U.S. citizen Morgan Rockcoons has been sentenced to fines and prison time for running unlicensed money exchange services on LocalBitcoins.
Advertising himself on the peer-to-peer bitcoin trading network, Rockcoons made more than 1,000 transactions with hundreds of different users. The U.S. Department of Justice (DoJ) pursued him on charges of not registering his business with the Financial Crimes Enforcement Network (FinCEN).
Rockcoons’ sentencing marks the end of a somewhat protracted legal battle, following his arrest in February 2018. Rockcoons attempted to sell 10 BTC to an undercover law enforcement officer for $ 14,500 in cash after the officer explicitly told him that the money was acquired through the production and sale of controlled substances.
The DoJ released information on this case on May 28, 2019, claiming that Rockcoons is to spend “21 months in prison for wire fraud and operating an unlicensed money transmitting business,” in addition to forfeiting over $ 80,000 in profits.
This marks the continuation of a trend from the U.S. federal government as it ramps up prosecution of bitcoin traders. In April 2019, the DoJ sentenced Joseph Burrell Campos to prison time and an $ 800,000 fine for similar charges. FinCEN itself began directly pursuing cases of this sort only a week later, levying civil damages against Eric Powers.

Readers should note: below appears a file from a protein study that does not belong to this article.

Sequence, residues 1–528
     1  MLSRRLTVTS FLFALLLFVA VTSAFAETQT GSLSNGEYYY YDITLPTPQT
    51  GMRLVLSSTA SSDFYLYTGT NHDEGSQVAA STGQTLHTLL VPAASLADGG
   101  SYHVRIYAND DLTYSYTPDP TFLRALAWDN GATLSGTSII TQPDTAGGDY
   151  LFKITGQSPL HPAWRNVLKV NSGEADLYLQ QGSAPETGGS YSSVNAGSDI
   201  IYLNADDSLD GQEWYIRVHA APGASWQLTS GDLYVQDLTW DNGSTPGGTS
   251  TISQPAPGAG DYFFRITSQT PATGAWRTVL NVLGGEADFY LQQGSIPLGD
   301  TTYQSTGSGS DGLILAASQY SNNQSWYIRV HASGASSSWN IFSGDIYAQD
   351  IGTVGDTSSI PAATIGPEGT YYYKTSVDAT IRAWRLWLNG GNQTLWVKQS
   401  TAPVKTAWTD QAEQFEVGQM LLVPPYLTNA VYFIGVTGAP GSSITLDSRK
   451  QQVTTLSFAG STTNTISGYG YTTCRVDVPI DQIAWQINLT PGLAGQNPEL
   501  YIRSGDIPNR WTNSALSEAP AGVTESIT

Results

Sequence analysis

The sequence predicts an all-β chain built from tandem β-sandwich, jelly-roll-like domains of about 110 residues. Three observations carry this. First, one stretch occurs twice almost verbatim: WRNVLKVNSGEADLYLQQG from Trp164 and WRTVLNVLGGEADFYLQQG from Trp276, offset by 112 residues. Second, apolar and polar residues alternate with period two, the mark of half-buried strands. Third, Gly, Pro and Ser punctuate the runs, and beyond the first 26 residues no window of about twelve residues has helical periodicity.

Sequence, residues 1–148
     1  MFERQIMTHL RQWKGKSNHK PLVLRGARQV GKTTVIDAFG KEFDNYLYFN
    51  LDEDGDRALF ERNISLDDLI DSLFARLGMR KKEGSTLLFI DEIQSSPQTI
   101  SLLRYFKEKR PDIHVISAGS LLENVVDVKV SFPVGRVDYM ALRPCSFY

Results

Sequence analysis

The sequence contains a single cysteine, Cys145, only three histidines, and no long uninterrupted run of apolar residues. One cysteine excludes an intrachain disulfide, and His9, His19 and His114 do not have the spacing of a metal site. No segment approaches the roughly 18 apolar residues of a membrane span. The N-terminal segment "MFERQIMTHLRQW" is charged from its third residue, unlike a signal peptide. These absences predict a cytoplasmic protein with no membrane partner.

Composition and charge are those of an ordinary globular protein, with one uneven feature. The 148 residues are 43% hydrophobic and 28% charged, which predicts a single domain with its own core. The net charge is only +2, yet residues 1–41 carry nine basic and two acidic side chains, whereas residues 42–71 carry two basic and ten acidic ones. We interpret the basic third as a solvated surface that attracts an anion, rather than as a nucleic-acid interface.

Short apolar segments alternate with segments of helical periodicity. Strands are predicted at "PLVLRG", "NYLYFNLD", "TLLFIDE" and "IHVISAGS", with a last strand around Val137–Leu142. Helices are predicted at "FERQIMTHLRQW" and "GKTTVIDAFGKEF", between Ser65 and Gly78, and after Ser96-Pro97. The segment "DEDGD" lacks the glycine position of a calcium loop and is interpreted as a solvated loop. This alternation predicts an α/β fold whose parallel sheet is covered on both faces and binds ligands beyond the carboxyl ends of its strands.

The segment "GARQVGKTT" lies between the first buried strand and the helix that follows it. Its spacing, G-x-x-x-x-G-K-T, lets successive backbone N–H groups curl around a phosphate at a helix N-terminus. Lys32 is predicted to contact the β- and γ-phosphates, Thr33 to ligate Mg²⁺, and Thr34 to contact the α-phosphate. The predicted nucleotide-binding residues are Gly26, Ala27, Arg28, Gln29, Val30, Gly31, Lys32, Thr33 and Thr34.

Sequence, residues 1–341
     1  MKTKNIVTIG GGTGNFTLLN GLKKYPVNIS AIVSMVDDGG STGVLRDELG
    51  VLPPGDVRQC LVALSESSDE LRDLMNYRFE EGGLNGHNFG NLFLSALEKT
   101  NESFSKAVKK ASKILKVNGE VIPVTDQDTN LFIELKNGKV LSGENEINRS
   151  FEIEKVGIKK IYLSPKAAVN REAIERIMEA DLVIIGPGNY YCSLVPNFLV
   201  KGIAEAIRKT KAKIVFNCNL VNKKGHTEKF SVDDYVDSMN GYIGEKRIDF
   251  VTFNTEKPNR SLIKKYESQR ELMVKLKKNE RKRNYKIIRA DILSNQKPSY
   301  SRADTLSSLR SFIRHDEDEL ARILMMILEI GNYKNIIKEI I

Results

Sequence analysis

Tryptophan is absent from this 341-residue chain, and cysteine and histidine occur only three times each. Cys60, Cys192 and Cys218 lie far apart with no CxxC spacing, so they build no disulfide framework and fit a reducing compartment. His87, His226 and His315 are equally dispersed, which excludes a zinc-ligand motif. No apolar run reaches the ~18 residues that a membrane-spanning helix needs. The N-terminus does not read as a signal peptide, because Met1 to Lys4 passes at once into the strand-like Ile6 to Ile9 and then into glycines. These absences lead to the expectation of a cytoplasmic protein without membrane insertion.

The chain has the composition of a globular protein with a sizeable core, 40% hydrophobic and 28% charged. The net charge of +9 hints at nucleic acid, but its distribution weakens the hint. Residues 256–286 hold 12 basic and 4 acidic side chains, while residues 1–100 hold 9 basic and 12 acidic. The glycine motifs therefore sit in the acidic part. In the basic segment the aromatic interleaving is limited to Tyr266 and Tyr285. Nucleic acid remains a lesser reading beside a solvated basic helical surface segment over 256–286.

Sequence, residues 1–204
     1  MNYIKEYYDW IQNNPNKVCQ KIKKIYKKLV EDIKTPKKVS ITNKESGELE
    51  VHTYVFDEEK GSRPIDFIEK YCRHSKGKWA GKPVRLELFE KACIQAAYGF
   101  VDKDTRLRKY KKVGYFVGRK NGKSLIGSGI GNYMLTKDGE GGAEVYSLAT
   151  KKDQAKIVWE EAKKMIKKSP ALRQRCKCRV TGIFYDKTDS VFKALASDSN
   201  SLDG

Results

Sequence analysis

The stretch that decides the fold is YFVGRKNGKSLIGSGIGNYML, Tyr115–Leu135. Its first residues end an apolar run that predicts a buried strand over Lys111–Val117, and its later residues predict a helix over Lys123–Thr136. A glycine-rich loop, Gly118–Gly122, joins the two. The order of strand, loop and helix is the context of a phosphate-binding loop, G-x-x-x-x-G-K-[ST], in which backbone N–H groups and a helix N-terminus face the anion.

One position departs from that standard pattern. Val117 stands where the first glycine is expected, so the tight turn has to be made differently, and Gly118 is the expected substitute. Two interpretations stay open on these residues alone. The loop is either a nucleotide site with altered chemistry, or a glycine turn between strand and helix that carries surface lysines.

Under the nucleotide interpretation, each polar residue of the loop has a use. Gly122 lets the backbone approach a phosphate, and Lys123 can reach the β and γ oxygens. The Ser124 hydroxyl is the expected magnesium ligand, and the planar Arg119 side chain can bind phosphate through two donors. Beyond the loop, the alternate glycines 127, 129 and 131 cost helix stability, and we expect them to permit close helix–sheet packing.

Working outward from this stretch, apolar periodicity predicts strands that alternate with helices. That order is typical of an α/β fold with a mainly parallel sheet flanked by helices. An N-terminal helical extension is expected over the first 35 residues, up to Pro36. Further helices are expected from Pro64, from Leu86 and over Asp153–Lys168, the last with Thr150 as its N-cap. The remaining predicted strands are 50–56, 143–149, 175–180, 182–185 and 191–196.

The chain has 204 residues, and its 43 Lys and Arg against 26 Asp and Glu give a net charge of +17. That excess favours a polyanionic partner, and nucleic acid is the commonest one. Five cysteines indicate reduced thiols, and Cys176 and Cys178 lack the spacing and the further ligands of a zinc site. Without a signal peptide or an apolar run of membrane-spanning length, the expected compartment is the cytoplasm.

As in the Campos case, the DoJ claims that the charges against Rockcoons fall under Homeland Security Investigations’ (HSI) jurisdiction. Another similarity between these two cases is that the DoJ explicitly named LocalBitcoins.com as the mechanism by which both defendants advertised their illegal services. With the site shutting down all operations in Iran in late May 2019 to comply with U.S. sanctions on the country, the site’s operators seem aware of the possibility that legal action could be taken against the service itself.
The DoJ report added that, in this particular case, Rockcoons pled guilty to more than just the unregistered trading of bitcoin. While out on bail in 2018 for the original crime of selling bitcoin without registration, he offered parcels of land for sale in bitcoin. Rockcoons claimed that hundreds of square acres of barren Nevada desert constituted the upcoming real estate development of “Bitcointopia” where bitcoin would be legal tender. Rockcoons did not actually own any of this land.
This article originally appeared on Bitcoin Magazine.